Monday, July 18, 2011

Hanley Ramirez

Hanley Ramírez (born December 23, 1983 in Samaná, Dominican Republic) is a shortstop in Major League Baseball for the Florida Marlins. Ramírez was named 2006 NL Rookie of the Year by the Baseball Writers Association of America. In 2009, Ramírez won the NL batting title and is a three-time All-Star starter. Additionally, Ramirez finished runner-up in the 2010 Home Run Derby.Ramírez signed with the Boston Red Sox as an International Free Agent in July 2000. He was discovered by scouts and was considered the top prospect in the Boston Red Sox organization. He was traded to the Florida Marlins in 2005 together with Aníbal Sánchez for Josh Beckett, Mike Lowell and Guillermo Mota. During Spring Training in 2006, Ramírez was impressive enough to earn the starting shortstop job for the Marlins over another candidate, shortstop Robert Andino. Ramírez led all MLB rookies with 185 hits, 119 runs, 11 triples and 51 SBs. He hit 7 leadoff home runs, the most in team history for a season and career. Ramírez's 46 doubles in the 2006 season is the all-time NL record for a shortstop age 22 or younger. He is the first NL rookie to post 110-plus runs and 50-plus stolen bases. He became the fifth big-league player since 1900 to hit 45-plus doubles and have 50-plus stolen bases, joining Hall of Famers Ty Cobb, Tris Speaker and Lou Brock. He finished the spectacular season with the Rookie of the Year Award. Because he didn’t accumulate 130 at bats in the majors or spend 45 days on the Red Sox’ MLB roster he was eligible for the award. Ramírez picked up where he left off during his sophomore season. The ever improving young star, who referred to Ryan Howard when asked about the sophomore jinx in baseball, was hitting .331 with 14 home runs and 35 RBIs to go along with 27 steals at the 2007 All Star break. Despite his great numbers, he was left off the All-Star roster behind starter Jose Reyes and reserve J.J. Hardy, not to the surprise of many writers.In a game versus the Cincinnati Reds on July 22, 2007 Ramírez overextended his shoulder when he tried to hit a pitch on the lower outside corner off right-hander Bronson Arroyo. He was helped off the field and was determined to have suffered a partial dislocation of his left shoulder. Ramírez has had a history of problems with the shoulder. In the 2006 season, he missed 5 games for a similar problem after swinging at a pitch. In December of '06 he fell awkwardly on the shoulder while playing Winter League ball in the Dominican Republic.

Entering the 2008 season, Ramírez was now looked at as the face of the franchise after the Marlins traded All-Stars Miguel Cabrera and Dontrelle Willis to the Detroit Tigers in exchange for Cameron Maybin, Andrew Miller, Mike Rabelo, Eulogio De La Cruz, Dallas Trahern, and Burke Badenhop. Ramírez has contributed well in the Marlins fast start, earning a spot as the starting Shortstop for the National League All-Star team for the first time in his career. In addition, Ramírez agreed to a six-year, $70 million extension, by far making it the richest contract in Marlin history and furthermore making him the face of the franchise through the new stadium in 2012. has reported that Ramírez will get $23.5 million in his arbitration years of 2009 through 2011, $15 million in 2012, $15.5 million in 2013 and $16 million in 2014. There is not a no trade clause. Ramírez was named NL Player of the Month in June. He had been batting .298 with six doubles, a triple and ten home runs. He led the NL in three categories: home runs, runs scored and total bases. It was speculated that he could have secured a place in the rare 40-40 club achieved by four others and latest by Alfonso Soriano in 2006; he ended the season with 33 home runs and 35 stolen bases. In July, Ramírez was selected to his first All-Star at Yankee Stadium, voted in by the fans as the National League's starting shortstop. He was 2-for-3 with two singles and a run in the 2008 All-Star Game. Ramírez hit his 30th home run of the season on September 13 and joined Preston Wilson in 2000 as the only Marlins to become members of the 30-30 club. On February 24, 2009, the Miami Herald reported that Ramírez would be moving from the leadoff spot to the 3rd spot in the lineup. Ramírez played in the World Baseball Classic for his native Dominican Republic. During the April 6, 2009 regular season opener against the Washington Nationals, Ramírez hit his first career grand-slam off of Washington reliever Steven Shell. On July 5, 2009, Ramírez was the NL starting shortstop for the 2009 All Star Game. On September 6, against the Nationals, Ramírez hit his 100th home run of his MLB career, becoming the 4th quickest shortstop in terms of games played to reach that milestone (Alex Rodriguez, Nomar Garciaparra, and Ernie Banks). With a Batting Average of .342, Ramírez won his first batting title. Ramírez recorded 106 RBI (6th in NL), stole 27 bases (5th in NL), and scored 101 times (8th in NL). He won the Silver Slugger award at shortstop, and came in second to Albert Pujols for NL MVP.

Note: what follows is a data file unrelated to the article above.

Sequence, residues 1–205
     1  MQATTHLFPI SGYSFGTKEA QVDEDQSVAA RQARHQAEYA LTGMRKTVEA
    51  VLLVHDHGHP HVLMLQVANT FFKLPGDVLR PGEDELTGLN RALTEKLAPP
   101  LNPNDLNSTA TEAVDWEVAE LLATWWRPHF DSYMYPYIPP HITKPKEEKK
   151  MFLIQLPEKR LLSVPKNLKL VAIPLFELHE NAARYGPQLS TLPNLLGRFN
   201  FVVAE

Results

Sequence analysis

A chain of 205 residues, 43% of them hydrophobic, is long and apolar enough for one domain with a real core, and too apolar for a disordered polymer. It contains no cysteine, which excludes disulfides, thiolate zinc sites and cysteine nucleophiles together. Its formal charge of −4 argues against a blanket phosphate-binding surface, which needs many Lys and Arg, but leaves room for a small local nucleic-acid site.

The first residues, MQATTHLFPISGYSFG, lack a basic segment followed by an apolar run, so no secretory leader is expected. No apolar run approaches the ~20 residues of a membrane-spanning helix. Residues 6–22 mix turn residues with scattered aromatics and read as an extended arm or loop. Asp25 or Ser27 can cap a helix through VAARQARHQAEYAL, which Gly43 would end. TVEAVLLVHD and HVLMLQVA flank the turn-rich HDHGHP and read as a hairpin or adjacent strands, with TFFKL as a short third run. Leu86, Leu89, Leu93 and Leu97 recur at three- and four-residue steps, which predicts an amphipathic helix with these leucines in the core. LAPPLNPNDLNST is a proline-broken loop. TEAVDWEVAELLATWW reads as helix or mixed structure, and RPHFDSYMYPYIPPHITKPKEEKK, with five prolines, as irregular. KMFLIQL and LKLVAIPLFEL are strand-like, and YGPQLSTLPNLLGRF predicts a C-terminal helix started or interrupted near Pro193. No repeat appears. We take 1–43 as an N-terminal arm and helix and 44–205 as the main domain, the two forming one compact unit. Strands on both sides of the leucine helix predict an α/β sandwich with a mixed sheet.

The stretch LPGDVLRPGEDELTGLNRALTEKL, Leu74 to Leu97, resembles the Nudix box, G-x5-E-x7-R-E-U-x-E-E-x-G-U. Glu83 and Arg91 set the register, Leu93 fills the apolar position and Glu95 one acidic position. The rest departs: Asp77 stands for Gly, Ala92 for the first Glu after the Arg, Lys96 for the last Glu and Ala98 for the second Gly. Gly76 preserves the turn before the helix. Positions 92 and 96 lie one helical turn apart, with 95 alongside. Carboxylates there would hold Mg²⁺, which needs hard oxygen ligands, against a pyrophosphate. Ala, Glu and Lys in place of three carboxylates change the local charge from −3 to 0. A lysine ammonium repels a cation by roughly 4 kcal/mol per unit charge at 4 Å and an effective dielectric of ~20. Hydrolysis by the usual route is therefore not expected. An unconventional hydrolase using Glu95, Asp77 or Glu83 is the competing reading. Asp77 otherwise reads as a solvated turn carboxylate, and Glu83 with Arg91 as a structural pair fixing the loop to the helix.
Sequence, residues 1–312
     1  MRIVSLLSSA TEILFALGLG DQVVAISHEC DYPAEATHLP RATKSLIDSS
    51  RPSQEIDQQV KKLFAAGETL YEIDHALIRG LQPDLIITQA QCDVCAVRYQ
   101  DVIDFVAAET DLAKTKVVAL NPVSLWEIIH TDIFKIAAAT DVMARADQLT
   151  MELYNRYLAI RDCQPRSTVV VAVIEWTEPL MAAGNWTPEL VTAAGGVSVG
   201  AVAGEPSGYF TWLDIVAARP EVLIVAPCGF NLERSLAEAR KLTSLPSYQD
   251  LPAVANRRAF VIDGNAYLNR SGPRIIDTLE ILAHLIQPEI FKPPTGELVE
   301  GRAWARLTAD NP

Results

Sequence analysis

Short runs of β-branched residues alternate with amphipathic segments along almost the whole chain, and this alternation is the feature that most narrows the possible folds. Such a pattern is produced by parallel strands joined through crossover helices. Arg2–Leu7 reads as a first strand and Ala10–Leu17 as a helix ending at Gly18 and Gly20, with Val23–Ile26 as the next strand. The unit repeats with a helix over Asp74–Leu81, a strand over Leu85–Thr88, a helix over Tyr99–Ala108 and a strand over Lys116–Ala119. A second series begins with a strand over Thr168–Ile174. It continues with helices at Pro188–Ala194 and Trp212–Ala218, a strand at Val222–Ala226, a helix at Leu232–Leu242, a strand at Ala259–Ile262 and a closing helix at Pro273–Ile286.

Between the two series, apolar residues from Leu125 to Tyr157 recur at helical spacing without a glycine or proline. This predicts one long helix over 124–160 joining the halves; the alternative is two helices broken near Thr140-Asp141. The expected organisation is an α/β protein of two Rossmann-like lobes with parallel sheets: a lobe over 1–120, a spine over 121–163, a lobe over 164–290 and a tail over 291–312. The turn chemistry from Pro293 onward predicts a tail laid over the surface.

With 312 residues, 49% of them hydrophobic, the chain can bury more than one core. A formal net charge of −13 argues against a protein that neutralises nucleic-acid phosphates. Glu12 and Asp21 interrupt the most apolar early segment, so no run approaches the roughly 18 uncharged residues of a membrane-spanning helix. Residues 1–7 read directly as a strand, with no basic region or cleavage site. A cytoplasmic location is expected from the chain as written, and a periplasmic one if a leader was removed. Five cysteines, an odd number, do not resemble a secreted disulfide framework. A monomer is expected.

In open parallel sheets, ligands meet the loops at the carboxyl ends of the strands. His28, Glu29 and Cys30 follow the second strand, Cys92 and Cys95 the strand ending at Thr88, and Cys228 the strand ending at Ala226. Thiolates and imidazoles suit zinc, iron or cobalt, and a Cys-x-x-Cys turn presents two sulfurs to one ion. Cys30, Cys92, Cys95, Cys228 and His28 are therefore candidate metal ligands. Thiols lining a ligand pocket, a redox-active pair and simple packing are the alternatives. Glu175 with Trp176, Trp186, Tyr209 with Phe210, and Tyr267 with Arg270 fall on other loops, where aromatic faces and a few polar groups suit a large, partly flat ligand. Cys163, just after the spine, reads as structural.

Ramírez hit his first home run of the 2010 season on April 8 off of John Maine. In the month of April, Ramírez batted .279 with 2 home runs, 7 RBIs, 2 steals and 11 runs scored. On May 17 in a home game versus the Arizona Diamondbacks, Ramírez fouled a ball off his ankle in his first at-bat. He looked as if he was in some pain but remained in the game. He then grounded into a double play to end the inning as he slowly ran to first base. The next inning, with runners on first and second, a bloop shot was sent into shallow left field. Ramírez ran to catch it. He did not, and when it hit the ground, Ramírez inadvertently kicked it into the left-field corner. Ramírez then jogged all the way to the corner as Diamondbacks rounded the bases. Two of the three runners would end up scoring with the other ending up on third. Then-manager of the Marlins Fredi González removed Ramírez from the game, and a war of words led to Ramírez being benched for the next game. In his first game back against the St. Louis Cardinals, Ramírez went 3–5 with an RBI. About a month later, Fredi Gonzalez was relieved of his duties. In the month of May, Ramírez finished batting .308 with 6 home runs, 19 RBIs, 4 stolen bases, and 17 runs scored. On June 6, manager Fredi González decided to shake up the Marlins' batting order. Ramírez was placed in the leadoff spot of the batting order for the first time since 2008. He finished 0–2 but also drew three walks in the game. He was moved back to the three hole the day after. In June, Ramírez batted .296 with 4 home runs, 25 RBIs, 9 steals and 17 runs. Ramírez was voted in as a starter for the All Star game for the third year in a row. He was also chosen to participate in the State Farm Home Run Derby for the first time in his career. In the Derby, he came in second place to Boston's David Ortiz. Ramírez, moving to the leadoff spot when Chris Coghlan was injured, struggled in July, hitting .242 with 1 home run, 4 RBIs, 6 steals and 12 runs scored. Ramírez hit his 25th career leadoff home run and his first career walk-off hit on August 7 against the Cardinals. He came up to bat in the bottom of the 10th inning with a man on first base hit a walk-off double to right-center field to end the Marlins' five game losing streak. Ramírez was hot all throughout August, hitting .359 (3rd in NL) with 6 home runs, 13 RBIs, 7 steals and 25 runs (2nd in NL). On September 15 in a game against the Philadelphia Phillies, Ramírez aggravated an injury in his elbow he sustained earlier in the season while swinging. He attempted to come back and play a week later, but after one game, he was still in pain and shut down for the rest of the season. He finished 2010 with a .300 batting average, 21 home runs, 76 RBIs, 32 steals and 92 runs scored. Ramirez has performed well under his usual standards in 2011. By June 20, Ramirez was hitting just .200 with only 4 home runs and 17 RBIs. However, Hanley raised his stats up to .243 with 8 home runs and 37 RBIs by July 9th. People say that the coming of 80 year old interm manager Jack McKeon (who served as the Marlins manager from 2003-2005 and led them to a World Series victory in 2003) helped Ramirez improve his stats. For the first time in his career, Ramirez hitting cleanup.